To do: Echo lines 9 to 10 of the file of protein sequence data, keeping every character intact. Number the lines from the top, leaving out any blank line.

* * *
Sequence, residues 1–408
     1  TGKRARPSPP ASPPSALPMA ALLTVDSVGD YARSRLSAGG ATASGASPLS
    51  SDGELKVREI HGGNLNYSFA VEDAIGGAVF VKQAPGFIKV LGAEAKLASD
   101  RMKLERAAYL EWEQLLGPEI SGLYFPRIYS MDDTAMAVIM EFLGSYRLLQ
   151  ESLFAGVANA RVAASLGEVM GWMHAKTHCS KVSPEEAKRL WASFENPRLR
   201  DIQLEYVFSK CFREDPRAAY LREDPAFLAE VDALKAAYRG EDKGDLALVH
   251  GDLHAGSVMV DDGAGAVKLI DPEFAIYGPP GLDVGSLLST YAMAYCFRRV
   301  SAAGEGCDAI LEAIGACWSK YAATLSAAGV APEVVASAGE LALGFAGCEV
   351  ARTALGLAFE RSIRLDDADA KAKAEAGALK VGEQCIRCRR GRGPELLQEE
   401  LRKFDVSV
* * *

   351  ARTALGLAFE RSIRLDDADA KAKAEAGALK VGEQCIRCRR GRGPELLQEE
   401  LRKFDVSV